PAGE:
法新社╱郭無患 2008-07-28 14:20
Spanish warship joins battle to protect Europe's tuna stocks
by Yacine Le Forestier
Sun Jul 27, 1:28 PM ET
VIGO, Spain (AFP) - Equipped with long-range cameras and ultra-sophisticated electronic equipment, a helicopter stands ready on the deck of the Tarifa, a Spanish navy frigate at the forefront of Europe's attempts to rein in illegal fishing of the threatened bluefin tuna.
Increased sea patrols, satellite surveillance and reconnaissance flights are just some of the unprecedented steps the European Union has deployed this year to try to control fishermen in the Mediterranean and Atlantic -- and protect this threatened species.
But with prices soaring -- mainly in Japan which alone imports at least 70 percent of bluefin tuna caught in the Mediterranean, according to European Commission officials -- the chase shows no sign of ending.
Catching illegal fishermen in the act is a bit like looking for a needle in a haystack "because there is no foolproof system," said Marcelo Vasconcelos, the head of the European Fisheries Control Agency which inaugurated its new headquarters this month in the Spanish port of Vigo.
All the same, the chances have "increased a lot" because of the steps taken, he said with a smile.
For the 2008 campaign, 49 ships, 16 planes and 78 inspectors have been mobilised. The biggest operation was at the end of June, but monitoring will continue until the end of the year.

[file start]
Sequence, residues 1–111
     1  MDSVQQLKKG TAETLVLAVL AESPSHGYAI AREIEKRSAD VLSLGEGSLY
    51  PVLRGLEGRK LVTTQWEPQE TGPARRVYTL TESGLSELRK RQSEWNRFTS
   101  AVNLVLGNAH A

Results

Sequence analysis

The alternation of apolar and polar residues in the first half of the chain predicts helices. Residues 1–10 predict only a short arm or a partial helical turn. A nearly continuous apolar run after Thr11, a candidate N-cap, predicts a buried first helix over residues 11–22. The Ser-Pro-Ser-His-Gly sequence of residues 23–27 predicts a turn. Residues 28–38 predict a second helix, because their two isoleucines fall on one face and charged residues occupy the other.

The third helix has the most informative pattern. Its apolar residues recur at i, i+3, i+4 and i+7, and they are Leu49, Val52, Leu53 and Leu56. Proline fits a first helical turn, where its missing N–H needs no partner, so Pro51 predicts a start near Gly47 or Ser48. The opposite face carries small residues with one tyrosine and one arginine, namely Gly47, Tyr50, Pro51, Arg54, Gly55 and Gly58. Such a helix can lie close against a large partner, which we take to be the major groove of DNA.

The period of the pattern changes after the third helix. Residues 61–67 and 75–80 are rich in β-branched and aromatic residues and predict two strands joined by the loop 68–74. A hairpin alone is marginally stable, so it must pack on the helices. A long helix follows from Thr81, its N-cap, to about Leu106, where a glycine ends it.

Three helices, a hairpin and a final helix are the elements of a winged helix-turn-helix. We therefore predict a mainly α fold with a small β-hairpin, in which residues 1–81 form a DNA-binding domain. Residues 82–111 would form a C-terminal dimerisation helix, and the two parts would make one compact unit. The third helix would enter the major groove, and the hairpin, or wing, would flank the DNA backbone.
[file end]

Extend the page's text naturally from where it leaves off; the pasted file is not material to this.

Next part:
A control centre in Brussels gathers all the tracking data from satellites and radar.
"It has become hard to cheat these days," said Isabelle Perret, who is finishing her work at the centre.
The tracking, and the cross-checking of data between countries, led the European Commission -- the EU executive -- in mid-June to order a halt to large-scale tuna fishing in the Mediterranean, 15 days before it was due to end. The move triggered an outcry from French and Italian fishermen, who were backed by their governments.
-- Fisherman declare the catch, and the real catch --
The tuna vessels claimed they had caught only half their quotas. But the European inspectors were certain the quotas had been reached.
Surveillance has also detected boats spending up to 10 days at sea and then declaring nothing on their return -- a scenario that is considered hardly credible.
In another example two ships, one Spanish, the other French, were spotted fishing together to catch a school of tuna.
"The first declared twice the catch of the second. That's hard to believe when you know that at the end of the day they share the catch," said Cesar Deben, a top European Fisheries Commission official.
"The declared catch and the real catch, they're two different things."
Despite the tougher surveillance, the lure of money is proving even stronger.
The prices for bluefin tuna have been climbing for more than 10 years. On the wholesale markets, they tripled in just one year.
Japanese distributors, fond of bluefin for sushi, transport the fish direct by plane.
Faced with such demand, the number of fishing vessels far outweighs available fish stocks.
"The basic problem causing this fraud is the over-capacity of the fleet," said Cesar Deben.
European Fisheries Commissioner Joe Borg believes it is time to start having real-time information on the catch.
For bluefin tuna "every day counts" when a fisherman can reach his quota in just one day.
"We are going to look into this problem in the 2009 season," he said, adding that officials are considering an electronic system of declaring catch details that would have to be filled in immediately and sent by satellite.